Nehemiah 10:28–11:36, 1 John 5:17–21, Psalm 113:1–114:8
The biggest difference between the Old Testament and the New Testament is that in the Old, the people are commanded by the Law-giver on the throne, whereas the people of the New are transformed by the Law-keeper who lives in their hearts. Even though all of God’s people fail at times, what a difference to know that Jesus is right with me and has forgiven all sin, past present and future. He lives within my heart.
Today’s OT reading reminded me also of another difference between life in the OT and in the NT. This OT passage speaks of an oath made to obey God.
“The rest of the people—priests, Levites, gatekeepers, singers, temple servants and all who separated themselves from the neighboring peoples for the sake of the Law of God, together with their wives and all their sons and daughters who are able to understand— all these now join their brothers the nobles, and bind themselves with a curse and an oath to follow the Law of God given through Moses the servant of God and to obey carefully all the commands, regulations and decrees of the Lord our Lord.” (Nehemiah 10:28–29)
As a believer in Jesus Christ, I’ve often made oaths and renewed commitments to “try harder.” That might work for a little while and in a limited way, but the sinful flesh is not able to keep those commitments. I cannot walk in the Spirit without the Spirit of God, and without turning away from self-effort. No matter how hard I try, my salvation is from Jesus, not from me. Success in the Christian life is about abiding in Him and relying on Him, as much as it is about trust and obey. This is a teeter-totter place, but experience shows the balance between the extremes of self-effort and thinking God will do it all so I don’t need to do anything. Walking with Jesus involves keeping from those extremes.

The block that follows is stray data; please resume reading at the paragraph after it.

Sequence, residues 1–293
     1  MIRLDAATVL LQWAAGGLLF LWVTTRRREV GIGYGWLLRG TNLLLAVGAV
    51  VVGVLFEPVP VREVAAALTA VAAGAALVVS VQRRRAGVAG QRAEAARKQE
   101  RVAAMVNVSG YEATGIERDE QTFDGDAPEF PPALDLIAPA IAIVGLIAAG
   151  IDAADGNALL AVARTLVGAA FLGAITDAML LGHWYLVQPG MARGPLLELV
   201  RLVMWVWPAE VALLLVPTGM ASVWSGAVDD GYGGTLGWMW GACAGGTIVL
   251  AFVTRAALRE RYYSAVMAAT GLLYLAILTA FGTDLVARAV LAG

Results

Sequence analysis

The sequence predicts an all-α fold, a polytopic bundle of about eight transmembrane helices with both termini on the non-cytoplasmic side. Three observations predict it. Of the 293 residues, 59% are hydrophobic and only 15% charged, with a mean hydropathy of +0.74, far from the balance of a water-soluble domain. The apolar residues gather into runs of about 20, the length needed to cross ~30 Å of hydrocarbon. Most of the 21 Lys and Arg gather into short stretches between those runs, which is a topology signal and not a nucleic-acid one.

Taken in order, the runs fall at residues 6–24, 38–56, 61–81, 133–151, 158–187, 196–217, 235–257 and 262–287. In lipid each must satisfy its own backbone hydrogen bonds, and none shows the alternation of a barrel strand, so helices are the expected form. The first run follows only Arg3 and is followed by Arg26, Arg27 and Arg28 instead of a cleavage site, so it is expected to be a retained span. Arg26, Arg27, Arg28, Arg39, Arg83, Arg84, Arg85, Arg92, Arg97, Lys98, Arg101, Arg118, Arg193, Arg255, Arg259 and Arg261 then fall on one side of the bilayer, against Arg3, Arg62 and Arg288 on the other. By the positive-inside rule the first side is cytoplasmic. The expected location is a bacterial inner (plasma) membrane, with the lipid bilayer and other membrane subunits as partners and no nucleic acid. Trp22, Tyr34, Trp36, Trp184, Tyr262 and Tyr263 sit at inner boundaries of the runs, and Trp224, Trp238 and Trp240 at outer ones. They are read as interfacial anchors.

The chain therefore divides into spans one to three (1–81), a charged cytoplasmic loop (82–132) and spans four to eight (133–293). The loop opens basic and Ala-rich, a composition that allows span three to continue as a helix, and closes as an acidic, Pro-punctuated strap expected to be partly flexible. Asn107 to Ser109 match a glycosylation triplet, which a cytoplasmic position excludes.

This is difficult to describe to someone who does not know Christ. However, the truth is in His Word. He says that as long as I am born of God, He will keep me in His care and continue His work of transformation. Instead of making oaths and “trying harder” He changes my heart so that obedience seems a natural thing, even easy.
“We know that everyone who has been born of God does not keep on sinning, but he who was born of God protects him, and the evil one does not touch him. We know that we are from God, and the whole world lies in the power of the evil one. And we know that the Son of God has come and has given us understanding, so that we may know him who is true; and we are in him who is true, in his Son Jesus Christ. He is the true God and eternal life. Little children, keep yourselves from idols.” (1 John 5:18–21)
Yet this process of transformation and being protected from the evil one does not eliminate the need to keep myself from idols. It has been said that the human heart is an idol-making factory. Idols can be things outside of me, like money, other people, possessions, or qualities like education, popularity, and even spiritual gifts. While Moses was up on the mountain receiving the Ten Commandments, Aaron made a golden calf and the people worshiped this image as the god who delivered them out of Egypt. Even worshiping what God has done for me instead of God Himself can be idolatry.
The OT saints fell into idolatry many times. Their captivity in Babylon had a negating effect, yet even NT believers are warned against it. Our hearts are so prone to wander and to rely on ourselves and anything else but the Lord.
As I walk with Jesus, keeping my eyes on Him is vital. I don’t want to view anything with greater respect, or worship anyone or anything else. A good goal is to reach a place where the only time I even consider myself or notice me is when I’ve sinned and need to take that to Him in confession and repentance. Otherwise, like the psalmist I just want to consider God and praise Him . . .
“The Lord is high above all nations, and his glory above the heavens! Who is like the Lord our God, who is seated on high, who looks far down on the heavens and the earth? He raises the poor from the dust and lifts the needy from the ash heap, to make them sit with princes, with the princes of his people.” (Psalm 113:4–8)
Our God is an awesome God – the only One worthy of all praise!